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Common Misconceptions Regarding Visa and Status

The terms “visa” and “status” are often used loosely and even interchangeably.  However, failure to clearly understand the differences between these words can lead to unintended immigration consequences.
nonimmigrant visa is issued to an individual and placed in their passport by an official at a U.S. Consulate or Embassy which operates under the Department of State.  Visas are issued in many different categories and have varying validity dates.  Many employment-based categories require that a petition be approved by U.S. Citizenship and Immigration Services (“CIS”)before the individual can apply for a visa.  An approved petition indicates that the individual qualifies for the visa; an approved visa grants an alien permission to travel to a U.S. port-of-entry and apply for admission by way of a Customs and Border Protection (“CBP”) Inspector.    CBP operates under the Department of Homeland Security.
An individual can travel to the U.S. at any time during the validity of their visa, but it does not necessarily mean that they can reside in the U.S. for that entire period.  When an individual holding a valid visa arrives at a port-of-entry, a CBP Inspector makes the final determination on the applicant’s admissibility and the duration of time they are admitted for.
When an individual holding a valid visa arrives at a port-of-entry, a CBP Inspector determines admissibility and the amount of time an applicant may be admitted for.  This information is recorded on Form I-94 Arrival/Departure record.  Form I-94 determines status in the U.S.  Status is classified under the category of admission (such as visitor, student, intra-company worker) and the duration of stay permitted.  Status and period of admission are recorded by the CBP Inspector on Form I-94.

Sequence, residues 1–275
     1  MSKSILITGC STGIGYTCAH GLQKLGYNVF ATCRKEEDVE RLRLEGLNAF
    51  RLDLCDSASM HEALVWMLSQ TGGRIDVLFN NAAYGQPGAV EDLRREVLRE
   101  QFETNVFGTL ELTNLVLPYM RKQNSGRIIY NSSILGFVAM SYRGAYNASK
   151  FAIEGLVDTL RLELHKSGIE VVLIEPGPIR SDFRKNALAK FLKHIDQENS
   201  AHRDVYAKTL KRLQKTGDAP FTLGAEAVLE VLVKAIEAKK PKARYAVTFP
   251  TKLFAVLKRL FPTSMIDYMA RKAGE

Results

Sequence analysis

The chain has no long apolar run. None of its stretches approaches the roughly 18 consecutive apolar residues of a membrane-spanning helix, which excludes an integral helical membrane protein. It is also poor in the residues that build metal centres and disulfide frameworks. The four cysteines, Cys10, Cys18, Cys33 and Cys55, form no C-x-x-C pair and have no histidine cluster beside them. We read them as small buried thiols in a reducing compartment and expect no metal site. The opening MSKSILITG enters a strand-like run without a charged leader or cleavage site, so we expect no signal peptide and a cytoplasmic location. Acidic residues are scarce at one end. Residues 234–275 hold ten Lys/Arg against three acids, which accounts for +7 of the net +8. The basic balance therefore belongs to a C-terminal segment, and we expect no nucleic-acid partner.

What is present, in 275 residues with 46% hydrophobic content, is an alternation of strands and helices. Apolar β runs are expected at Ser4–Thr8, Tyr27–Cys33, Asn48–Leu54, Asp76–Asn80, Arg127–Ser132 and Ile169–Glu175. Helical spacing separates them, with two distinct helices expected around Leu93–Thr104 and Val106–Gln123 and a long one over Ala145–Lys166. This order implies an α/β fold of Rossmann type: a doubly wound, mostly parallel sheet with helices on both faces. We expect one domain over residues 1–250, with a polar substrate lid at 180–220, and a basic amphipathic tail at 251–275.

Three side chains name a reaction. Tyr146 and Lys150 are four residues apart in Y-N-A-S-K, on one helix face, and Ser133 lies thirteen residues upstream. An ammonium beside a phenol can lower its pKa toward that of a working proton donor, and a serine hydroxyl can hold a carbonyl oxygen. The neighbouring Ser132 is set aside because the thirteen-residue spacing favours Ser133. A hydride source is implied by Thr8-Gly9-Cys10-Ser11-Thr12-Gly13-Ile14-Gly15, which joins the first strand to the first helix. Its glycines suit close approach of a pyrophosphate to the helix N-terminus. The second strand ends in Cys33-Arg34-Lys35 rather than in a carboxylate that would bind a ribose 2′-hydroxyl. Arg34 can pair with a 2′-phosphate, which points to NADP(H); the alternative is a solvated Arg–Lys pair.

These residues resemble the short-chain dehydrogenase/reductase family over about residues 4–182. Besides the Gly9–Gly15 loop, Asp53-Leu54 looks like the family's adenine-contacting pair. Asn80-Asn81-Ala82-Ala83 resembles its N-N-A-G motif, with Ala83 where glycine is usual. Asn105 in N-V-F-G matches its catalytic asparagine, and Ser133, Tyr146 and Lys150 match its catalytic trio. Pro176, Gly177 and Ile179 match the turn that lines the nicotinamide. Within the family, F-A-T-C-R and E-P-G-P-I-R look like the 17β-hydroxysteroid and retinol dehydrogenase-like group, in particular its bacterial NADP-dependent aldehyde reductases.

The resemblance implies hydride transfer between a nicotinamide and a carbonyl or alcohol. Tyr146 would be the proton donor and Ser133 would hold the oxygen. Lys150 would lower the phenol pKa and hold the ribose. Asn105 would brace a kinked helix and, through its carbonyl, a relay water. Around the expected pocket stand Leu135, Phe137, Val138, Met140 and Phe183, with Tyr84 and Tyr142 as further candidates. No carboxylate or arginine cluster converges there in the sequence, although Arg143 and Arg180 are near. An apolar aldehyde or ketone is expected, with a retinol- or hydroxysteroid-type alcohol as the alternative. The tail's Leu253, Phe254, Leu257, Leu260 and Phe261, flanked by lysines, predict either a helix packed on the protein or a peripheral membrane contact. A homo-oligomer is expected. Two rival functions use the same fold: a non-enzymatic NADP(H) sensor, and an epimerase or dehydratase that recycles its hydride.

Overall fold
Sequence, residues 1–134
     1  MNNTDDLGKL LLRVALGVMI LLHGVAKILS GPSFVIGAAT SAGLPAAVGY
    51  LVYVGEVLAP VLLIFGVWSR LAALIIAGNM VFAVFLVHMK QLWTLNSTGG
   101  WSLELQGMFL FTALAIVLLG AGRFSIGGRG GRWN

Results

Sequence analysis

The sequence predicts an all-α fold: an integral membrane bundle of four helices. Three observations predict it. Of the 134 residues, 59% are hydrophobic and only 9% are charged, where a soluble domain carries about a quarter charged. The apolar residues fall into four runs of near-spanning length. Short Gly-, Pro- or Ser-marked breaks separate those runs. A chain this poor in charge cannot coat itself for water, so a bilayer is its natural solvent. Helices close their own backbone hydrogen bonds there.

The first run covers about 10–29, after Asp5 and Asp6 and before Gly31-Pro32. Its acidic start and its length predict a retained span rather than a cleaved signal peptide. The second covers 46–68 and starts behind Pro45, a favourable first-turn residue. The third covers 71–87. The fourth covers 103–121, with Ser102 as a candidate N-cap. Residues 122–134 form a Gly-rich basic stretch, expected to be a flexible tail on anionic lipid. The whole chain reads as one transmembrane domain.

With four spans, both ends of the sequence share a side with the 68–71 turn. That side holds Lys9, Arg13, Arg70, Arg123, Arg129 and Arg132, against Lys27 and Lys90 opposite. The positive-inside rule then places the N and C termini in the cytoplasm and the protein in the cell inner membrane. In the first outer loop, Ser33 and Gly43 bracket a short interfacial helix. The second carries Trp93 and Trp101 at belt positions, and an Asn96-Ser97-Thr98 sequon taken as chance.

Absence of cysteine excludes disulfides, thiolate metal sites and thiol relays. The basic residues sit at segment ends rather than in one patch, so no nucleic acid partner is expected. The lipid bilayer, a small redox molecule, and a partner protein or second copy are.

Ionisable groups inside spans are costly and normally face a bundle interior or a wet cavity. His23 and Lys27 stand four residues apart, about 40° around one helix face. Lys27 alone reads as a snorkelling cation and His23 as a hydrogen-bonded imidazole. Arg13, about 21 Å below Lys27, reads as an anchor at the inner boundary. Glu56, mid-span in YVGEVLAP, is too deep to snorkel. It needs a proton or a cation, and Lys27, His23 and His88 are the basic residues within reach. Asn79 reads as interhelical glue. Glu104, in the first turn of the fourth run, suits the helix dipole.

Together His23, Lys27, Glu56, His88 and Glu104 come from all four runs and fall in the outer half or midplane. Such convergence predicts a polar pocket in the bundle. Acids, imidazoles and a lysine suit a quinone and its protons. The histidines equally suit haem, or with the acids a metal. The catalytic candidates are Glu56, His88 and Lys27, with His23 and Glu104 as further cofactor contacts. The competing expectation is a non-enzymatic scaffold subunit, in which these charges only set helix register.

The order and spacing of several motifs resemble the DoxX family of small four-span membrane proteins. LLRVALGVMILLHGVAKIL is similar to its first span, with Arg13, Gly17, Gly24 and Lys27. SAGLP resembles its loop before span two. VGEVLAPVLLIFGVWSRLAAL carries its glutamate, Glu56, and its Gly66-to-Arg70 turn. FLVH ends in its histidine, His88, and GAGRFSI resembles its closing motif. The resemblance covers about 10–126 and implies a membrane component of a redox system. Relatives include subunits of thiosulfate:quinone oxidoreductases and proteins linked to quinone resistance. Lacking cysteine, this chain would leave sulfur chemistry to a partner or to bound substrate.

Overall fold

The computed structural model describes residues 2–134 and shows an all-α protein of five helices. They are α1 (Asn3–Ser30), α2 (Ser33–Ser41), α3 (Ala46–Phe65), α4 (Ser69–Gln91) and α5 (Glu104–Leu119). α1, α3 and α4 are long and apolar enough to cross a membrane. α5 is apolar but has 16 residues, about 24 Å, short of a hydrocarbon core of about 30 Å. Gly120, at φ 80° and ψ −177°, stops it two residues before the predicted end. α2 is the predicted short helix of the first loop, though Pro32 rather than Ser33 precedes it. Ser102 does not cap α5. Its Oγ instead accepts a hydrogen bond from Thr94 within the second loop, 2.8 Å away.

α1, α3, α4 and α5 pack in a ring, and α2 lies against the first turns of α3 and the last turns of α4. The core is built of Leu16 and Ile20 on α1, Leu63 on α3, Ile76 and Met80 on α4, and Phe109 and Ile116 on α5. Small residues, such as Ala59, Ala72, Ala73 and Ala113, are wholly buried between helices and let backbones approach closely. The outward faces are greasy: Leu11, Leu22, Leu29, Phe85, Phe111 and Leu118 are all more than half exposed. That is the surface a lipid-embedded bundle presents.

These components may be modified after an individual is admitted to the United States by making an application to CIS.  A person may request a change of status to another classification and/or they may request an extension of stay.  Of important note is that the validity period of a visa is not necessarily tied to the period of stay granted.
Berardi Immigration Law can assists clients with nonimmigrant visa applications, port-of-entry issues and changes or extensions of status.  We urge you to contact us by calling 877-721-6100 or send an e-mail by clicking here.
Page summary:  Explanation of the differences between visa and status.